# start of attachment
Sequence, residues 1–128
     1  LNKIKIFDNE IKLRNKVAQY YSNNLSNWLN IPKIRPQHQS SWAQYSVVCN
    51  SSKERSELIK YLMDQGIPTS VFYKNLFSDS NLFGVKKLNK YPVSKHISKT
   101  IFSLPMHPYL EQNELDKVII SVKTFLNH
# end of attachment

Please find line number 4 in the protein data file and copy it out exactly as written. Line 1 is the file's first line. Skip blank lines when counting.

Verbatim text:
   101  IFSLPMHPYL EQNELDKVII SVKTFLNH